There are three types of short-term care. Each serves a different purpose.
Short-term care provides care and support services for a set period of time. There are different types of short-term care depending on your needs, but all aim to help you with day-to-day tasks and either restore or maintain your independence.
Depending on the type of short-term care you access, help can be provided for a few days to a few months at a time.
What help is available?
For those who are starting to need help with daily tasks and want to delay or even avoid the need for long-term care and support services.
A team of health professionals will help you reverse or slow the difficulties you are experiencing and develop a plan for how you can manage them yourself.
Read more about short-term restorative care.
For those who need to recover and regain independence after a stay in hospital.
Specialised care and support will help you move safely from hospital and back to everyday life, avoiding the need for longer term care and support.
Read more about transition care.
For when you or your carer need to take a break for a short period of time.
This could be for a few hours at your home, a day out in the community, or a short stay for a few nights in an aged care home to provide for your everyday needs without your carer.
Read more about respite care.
How does it work?
The Australian Government subsidises short-term care providers directly to make care more affordable.
How much will it cost me?
You are expected to contribute to the cost of your care if you can afford to do so. How much you may pay varies depending on the type and level of care and services you will receive. The maximum amount you could be asked to pay:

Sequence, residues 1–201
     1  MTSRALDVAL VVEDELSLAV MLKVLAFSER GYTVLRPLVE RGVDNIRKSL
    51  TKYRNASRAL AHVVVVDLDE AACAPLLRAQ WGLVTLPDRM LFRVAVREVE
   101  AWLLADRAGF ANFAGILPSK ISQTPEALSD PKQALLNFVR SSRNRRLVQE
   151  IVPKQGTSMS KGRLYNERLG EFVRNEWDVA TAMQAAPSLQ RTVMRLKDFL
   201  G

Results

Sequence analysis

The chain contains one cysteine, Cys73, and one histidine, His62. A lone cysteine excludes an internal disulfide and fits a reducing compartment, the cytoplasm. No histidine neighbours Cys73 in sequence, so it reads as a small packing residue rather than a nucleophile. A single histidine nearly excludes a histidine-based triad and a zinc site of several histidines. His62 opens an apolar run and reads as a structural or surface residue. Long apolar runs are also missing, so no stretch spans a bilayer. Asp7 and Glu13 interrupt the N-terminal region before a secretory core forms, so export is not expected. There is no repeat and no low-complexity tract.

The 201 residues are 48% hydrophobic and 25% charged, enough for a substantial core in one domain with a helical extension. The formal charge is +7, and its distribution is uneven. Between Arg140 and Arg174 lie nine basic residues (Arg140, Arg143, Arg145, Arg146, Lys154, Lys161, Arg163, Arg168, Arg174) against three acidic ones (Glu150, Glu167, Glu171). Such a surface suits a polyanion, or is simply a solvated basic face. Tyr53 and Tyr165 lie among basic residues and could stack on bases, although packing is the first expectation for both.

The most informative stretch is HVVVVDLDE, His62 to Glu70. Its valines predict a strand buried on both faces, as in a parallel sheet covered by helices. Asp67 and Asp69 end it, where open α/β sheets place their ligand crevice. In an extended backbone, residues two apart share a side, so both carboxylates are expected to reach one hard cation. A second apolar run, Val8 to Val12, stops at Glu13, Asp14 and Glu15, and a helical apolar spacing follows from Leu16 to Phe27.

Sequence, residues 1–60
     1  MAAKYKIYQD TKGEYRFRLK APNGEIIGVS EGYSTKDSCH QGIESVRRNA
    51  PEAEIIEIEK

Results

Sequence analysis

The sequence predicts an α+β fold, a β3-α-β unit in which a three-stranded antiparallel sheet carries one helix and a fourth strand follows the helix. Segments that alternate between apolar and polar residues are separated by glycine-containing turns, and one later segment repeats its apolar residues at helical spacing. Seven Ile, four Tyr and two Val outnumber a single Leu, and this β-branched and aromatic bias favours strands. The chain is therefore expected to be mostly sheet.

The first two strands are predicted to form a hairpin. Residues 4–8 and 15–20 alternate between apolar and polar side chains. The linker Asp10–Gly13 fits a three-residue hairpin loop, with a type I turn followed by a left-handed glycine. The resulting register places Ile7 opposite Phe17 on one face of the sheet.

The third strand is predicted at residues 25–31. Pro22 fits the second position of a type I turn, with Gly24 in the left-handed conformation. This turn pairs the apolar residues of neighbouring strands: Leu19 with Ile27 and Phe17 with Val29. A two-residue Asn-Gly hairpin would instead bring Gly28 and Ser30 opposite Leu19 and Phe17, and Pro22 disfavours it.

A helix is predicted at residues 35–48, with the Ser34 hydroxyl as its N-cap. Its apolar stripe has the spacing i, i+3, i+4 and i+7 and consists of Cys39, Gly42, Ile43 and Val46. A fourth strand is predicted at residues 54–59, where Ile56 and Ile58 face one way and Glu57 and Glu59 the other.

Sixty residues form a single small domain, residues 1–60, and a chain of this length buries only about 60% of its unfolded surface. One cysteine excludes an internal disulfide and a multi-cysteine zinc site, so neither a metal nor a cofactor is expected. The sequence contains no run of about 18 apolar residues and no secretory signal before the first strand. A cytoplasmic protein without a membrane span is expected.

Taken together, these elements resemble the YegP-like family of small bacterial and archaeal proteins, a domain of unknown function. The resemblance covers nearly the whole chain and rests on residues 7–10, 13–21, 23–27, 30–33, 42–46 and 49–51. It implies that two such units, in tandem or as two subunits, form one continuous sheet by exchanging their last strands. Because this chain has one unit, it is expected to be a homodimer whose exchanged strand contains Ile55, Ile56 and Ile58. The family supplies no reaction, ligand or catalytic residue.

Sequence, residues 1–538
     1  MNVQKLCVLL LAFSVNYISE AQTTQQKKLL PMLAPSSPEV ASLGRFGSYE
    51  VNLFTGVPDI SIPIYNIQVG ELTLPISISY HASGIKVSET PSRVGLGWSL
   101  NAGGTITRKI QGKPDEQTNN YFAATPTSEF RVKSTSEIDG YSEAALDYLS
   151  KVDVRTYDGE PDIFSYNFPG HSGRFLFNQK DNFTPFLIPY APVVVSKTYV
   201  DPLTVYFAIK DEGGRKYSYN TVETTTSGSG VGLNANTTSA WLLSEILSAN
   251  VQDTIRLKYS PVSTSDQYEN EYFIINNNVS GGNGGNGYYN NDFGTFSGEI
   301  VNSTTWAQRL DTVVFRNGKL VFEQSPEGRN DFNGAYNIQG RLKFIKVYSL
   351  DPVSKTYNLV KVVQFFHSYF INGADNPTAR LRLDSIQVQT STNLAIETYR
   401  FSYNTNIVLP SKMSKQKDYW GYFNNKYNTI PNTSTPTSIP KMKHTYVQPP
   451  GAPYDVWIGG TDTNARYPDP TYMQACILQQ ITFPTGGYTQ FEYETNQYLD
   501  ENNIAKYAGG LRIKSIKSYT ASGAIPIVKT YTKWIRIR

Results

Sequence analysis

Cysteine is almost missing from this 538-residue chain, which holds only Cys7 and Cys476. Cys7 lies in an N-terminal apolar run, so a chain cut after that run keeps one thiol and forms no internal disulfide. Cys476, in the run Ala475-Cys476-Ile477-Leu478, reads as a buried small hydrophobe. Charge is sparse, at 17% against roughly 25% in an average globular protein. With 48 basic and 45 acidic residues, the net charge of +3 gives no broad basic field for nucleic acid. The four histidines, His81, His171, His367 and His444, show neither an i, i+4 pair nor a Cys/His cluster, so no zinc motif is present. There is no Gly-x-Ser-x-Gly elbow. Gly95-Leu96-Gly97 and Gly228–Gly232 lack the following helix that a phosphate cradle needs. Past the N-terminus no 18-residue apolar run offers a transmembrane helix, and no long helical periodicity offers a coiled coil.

- $10.54 per day, if you receive care while living at home (17.5% of the single aged pension).
- $51.21 per day, if you receive care while living in a residential setting (85% of the single aged pension).
More detailed information on the costs involved for the different types of short-term care can be found on the relevant pages listed below.
Am I eligible?
All types of short-term care require a face-to-face assessment to determine eligibility. You can check your eligibility and apply for an assessment online.
Short-term restorative care
You may be eligible for short-term restorative care if you are an older person and you:
- are slowing down mentally, physically, or both
- need help with everyday tasks
- want to stay independent and out of long-term ongoing care arrangements.
Find out more about short-term restorative care.
You may be eligible for transition care if you are an older person and:
- are a patient in a public or private hospital
- have been informed that you are ready to leave hospital
- would benefit from short-term help.
Find out more about transition care.
You may be eligible for respite care if you are an older person with a carer and:
- your carer is unable to care for you for some reason, or
- you or your carer need a break from your usual care arrangements.
Find out more about respite care.
How do I apply?
You are here: Step 1 See what short-term care is available
Take a look at the different types of short-term care available.
Step 3 Find out what services you can get
After your face-to-face assessment, find out what services you are eligible for.
Step 4 Find a service provider
Use our Find a provider tool and checklists to find the best match for your needs.
Step 5 Arrange your services
Understand and sign the service agreement(s) to start receiving services.
Step 6 Get the most from your services
Find out how to make changes and what to do if things go wrong.